Monday, September 14, 2009


It was late afternoon, the last day of our vacation, when Dutch and I ventured out with the girls to walk the beach. North of Manzanita, at the very tip of the coastline, sits a large mountain covered in dense pines. Ages and ages ago some coastal Indian tribe named it Neah-kah-nie which means “hole in the sky” - a fitting description because on a clear day that is precisely what Neah-kah-nie does: it cuts a mammoth hole in the sky.

But wait one moment, I can hear someone saying, I thought there were no clear days in Oregon – isn’t that why they call it the rainy Northwest? This is an exaggeration. For although the landscape is often crowned with gray drizzle, the weather – particularly out on the coast – is more often fickle. In a given day, conditions alternate from dense fog, rain, and cloud patches, to radiant, beaming sun, to rain again.

Thus, whereas that morning – in the earnest sunshine – I had been able to see Neah-kah-nie as clearly as the nose on my face, now it was blanketed almost completely in a dense fog, as though a cloud had – quite miraculously – fallen from the sky and swallowed it whole.

If I didn’t know the mountain was there, I thought, I never would have ‘seen’ it.

It struck me, just then, how little perception has to do with reality. It is the weather which alters my ability to see the mountain, I thought, but the mountain does exist – as surely as the raindrops on my shoulder, or the sun on my face. No wonder sociologists talk of ‘cultural climates’ for just as the fog alters my perception of the mountain, so the culture in which I live alters my perception of the world, hurling some things into the foreground of my consciousness while casting others backward into oblivion.

It is somewhat astonishing, then, that there are any ‘well-educated’ persons – in our day and age – who still dare to believe in God.

“Persons of faith,” as we are sometimes called, cannot be responding to the consensus of mainstream culture which persistently insists that we are, if not victims of hallucination, then intellectual lightweights unwilling to grapple with the hard truths of science and seeking, instead, to satisfy some insatiable need for security and solace in a cruel, chaotic world.

But more than a need for solace (for faith, in my view, does not function as an opiate), I would argue that we are responding to something else – some indescribable sense that “this is not all.”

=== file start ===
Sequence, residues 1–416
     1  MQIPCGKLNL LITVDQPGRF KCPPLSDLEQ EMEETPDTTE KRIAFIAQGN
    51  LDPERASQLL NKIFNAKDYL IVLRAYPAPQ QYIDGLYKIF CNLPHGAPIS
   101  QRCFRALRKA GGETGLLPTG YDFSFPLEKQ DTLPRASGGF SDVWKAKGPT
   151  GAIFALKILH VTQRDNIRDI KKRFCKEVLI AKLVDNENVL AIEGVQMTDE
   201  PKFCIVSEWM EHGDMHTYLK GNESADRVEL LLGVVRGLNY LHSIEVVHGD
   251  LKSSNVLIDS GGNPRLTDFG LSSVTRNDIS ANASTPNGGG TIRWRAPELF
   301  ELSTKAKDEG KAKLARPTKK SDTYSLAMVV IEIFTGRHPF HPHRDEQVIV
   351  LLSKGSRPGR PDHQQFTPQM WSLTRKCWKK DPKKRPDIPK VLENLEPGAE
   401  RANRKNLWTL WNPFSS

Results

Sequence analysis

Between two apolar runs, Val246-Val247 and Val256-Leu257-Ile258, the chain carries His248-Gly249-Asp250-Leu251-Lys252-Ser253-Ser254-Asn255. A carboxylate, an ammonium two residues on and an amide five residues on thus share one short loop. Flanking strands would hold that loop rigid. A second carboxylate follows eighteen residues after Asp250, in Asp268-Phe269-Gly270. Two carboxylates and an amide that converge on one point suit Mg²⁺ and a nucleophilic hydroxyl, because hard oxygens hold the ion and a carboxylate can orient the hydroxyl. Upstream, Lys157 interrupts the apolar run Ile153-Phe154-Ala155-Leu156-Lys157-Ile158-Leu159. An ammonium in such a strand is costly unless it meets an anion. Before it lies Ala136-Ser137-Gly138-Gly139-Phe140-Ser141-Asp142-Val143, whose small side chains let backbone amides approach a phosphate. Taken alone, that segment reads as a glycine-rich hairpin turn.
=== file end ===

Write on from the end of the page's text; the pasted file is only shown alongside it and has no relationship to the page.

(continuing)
As the afternoon faded into the pale light of early evening, I watched Neah-kah-nie re-emerge slowly from the fog. Isn’t that a bit like how faith in God is born? You catch a whiff of something in the air so you look up and – at first, see nothing. But then, you’re not so sure, it, whatever “it” is, comes round again; you strain and look until – there! just there! – you see behind the thinning layers of fog, something emerging out of the darkness.

Indeed, I thought, Neah-kah-nie is a fair metaphor for Christ. There He sits at the tip of my proverbial town – of all that comprises my reality – and yet I often do not, cannot see Him. Instead, He is obscured, so often covered by clouds.

Meanwhile I walk up and down the sandy coastline of my life, scurrying here and there, gathering shells, filling pockets, emptying buckets, building and smashing and re-shaping sand castles, exhausted, but never looking up, never stopping long enough to squint and try to see him through the veil.

Perhaps my greatest sin is one of forgetting or an unwillingness to remember (I’m not sure which) that all I have to do to commune with Him is approach the mountain and be still.

But the mountain sits there, waiting for me. Even more, it beckons to me and transfigures itself now and then so that I see it glimmer in the sunset and flash out across the water, all the time begging to be climbed.

The question is, will I, when all it takes is putting one dumb foot before the other?

I want to. More and more, I want to. I will try.

This vision of Neah-kah-nie was my ‘gift from the sea,’ the thing I have carried home with me, in more than the pockets of my beach clothes, and which I hope will remain, when all else has been put away and forgotten.


Sommer said...

heather- before we moved the the NW, this amazing "disappearing" act that God performs with his cloud cover used to happen on the rarest of occasion with the mountains behind my parents' house. I can SO vividly remember the awe of the entire mountain being missing. I am thankful that God gave your this beautiful metaphor and your soft and willing heart to share it, now my experience has new and eternal meaning to it as well. Beautifully written.

Jordan said...

I could just hug Nie for sending wonderful people like you my way. So happy to meet you here. Lovely words and world you have.